This is the second part of a four-part series. If you’ve just arrived, try the first post on queuer psychology.
Alternatively, chapters 3 and 4 are based on queuenomics of casual hospitality spaces; and restaurants.
What are the queuenomical factors of “grab and go” cafes and quick-service restaurants?
– If we were to look at a graph of how many people come to your store over the course of a day, there would probably be peaks and troughs. This is when queues form – as demand outstrips supply – and the point at which you could lose customers to a queue. The higher your peaks and troughs, the more business critical it is to manage your queues well.
– Because people want to consume your stuff off the premises, with good queue organisation, your output shouldn’t be limited by your space. The only thing stopping you is the demand you can generate and the number of people you can serve.If you’re a grab & go, the health of your business depends on maximising throughput.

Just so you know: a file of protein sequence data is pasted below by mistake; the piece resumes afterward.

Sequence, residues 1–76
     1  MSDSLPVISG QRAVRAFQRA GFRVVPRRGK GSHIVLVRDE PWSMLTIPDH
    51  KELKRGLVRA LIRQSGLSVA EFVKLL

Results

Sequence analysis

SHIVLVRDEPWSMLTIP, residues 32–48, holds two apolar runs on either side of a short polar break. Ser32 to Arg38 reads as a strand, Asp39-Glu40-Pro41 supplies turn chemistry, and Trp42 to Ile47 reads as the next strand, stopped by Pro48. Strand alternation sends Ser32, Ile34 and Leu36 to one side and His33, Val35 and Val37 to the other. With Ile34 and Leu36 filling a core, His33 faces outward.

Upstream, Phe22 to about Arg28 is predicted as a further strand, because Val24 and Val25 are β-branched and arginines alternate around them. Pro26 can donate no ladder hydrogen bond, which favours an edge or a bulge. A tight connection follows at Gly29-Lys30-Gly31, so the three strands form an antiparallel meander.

– In turn, because your business depends on a high throughput, we’d expect you to be in a high-footfall, high-rent area in which cutting down on space can save you serious money in your bottom line. That means that space is likely to be tighter as you hope to manage your queue well.
Finally, grab and go venues are more likely to see lots of return business because – unless you’re in an airport – people are unlikely to travel a long way for them.
What do the queuenomical rules we should follow?
Queue Profile: fast, well-oiled, and capable of achieving length without deterring patrons.
– While seats do attract customers in the quieter part of the day, your median customer cannot be a sitting customer, because your throughput would not be fast enough. One of our tips is allocate space to what makes you money – and lots of people coming through and not choosing to sit is what helps your bottom line.